The sundry collection of action heroes and computer geniuses raced to save their kidnapped colleague Finch (Michael Emerson) in the penultimate episode of the third season of “Person of Interest.”

300px-Person_of_Interest_logo.svgThis did not stop Reese (Jim Caviezel) and Shaw (Sarah Shahi) from spending most of the episode cracking one-liners as if they were in some kind of violent situation comedy.

“Person of Interest” need not be all grim and gritty. But a show about umpteen terrorist groups, vast government conspiracies and artificial intelligence with the ability to predict future homicides and terrorist attacks really doesn’t seem the place for running gags.

Shaw, for example, kept asking Root (Amy Acker) for permission to kill a woman named Control. What a name. I’m guessing her parents weren’t hippies. Control can’t be killed. There’s one more episode left in the season. Nothing interesting happens in the second-to-last episode. It’s the lapdance of TV episodes: all tease.

After about 45 minutes of technobabble and the crippling of at least one Secret Service agent, the team finally locates Finch. He’s with a guy named Greer (John Nolan), who runs a technology company that wants to go into business with the government surveilling everybody everywhere all the time.

But the “privacy terrorists” known as Vigilance shows up and kidnaps Greer, Finch, Control and a couple of other characters not interesting enough to be described.

Vigilance seizes control of TV — now that’s going too far! — and promise to put on trial this group of government and corporate co-conspirators for violations of rights and having their pudding before eating their meat.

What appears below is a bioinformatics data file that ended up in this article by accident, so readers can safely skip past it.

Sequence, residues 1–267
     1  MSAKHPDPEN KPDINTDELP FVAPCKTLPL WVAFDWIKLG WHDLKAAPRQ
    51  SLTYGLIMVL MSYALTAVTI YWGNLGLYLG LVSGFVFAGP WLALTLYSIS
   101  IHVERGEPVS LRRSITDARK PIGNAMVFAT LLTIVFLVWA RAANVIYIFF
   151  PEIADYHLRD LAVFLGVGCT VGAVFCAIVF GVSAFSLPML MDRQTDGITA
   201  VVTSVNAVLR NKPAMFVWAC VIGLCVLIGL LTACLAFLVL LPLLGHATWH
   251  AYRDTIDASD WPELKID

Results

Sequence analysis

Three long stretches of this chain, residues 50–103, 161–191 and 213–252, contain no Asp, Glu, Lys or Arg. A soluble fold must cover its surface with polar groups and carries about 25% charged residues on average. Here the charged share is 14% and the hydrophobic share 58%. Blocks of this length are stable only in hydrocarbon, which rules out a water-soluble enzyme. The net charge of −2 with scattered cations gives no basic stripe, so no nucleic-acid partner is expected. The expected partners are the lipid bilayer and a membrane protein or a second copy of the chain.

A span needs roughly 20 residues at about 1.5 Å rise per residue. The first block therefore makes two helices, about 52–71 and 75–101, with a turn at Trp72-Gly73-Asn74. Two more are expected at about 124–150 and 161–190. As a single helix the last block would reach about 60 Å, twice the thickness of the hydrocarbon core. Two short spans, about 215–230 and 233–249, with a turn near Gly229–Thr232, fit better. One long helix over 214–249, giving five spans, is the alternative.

The series is tired and has lost its direction. It just isn’t a compelling watch the way it was in the first two seasons. Even Acker, whose charms as an actress have carried the uneven, meandering plots this season, seems tired and resigned.

There’s just one episode left, the teaser for next week’s finale says. I look forward to it with the same anticipation and enthusiasm I give to a hangnail that defies being cut off by the clippers.

TV Review: ‘Person of Interest: Beta’

Person-of-Interest-02Season 3, Episode 21: “Beta” | Date: April 29, 2014

The uneven third season of “Person of Interest” entered the final three episodes of the season with Finch (Michael Emerson) surrendering to the agents of Decima in order to save his former fiance, who believes him dead.

Finch was absent from most of “Beta,” sulking because his supercomputer apparently apparently ordered a hit on a U.S. Congressman who supported the creation of a second supercomputer.

This computer will be used for evil, apparently, because there’s a menacing British guy (John Nolan) behind it. He scowls a lot and likes to have conversations over tea with his prisoners. That’s how you can tell he’s evil. The tea.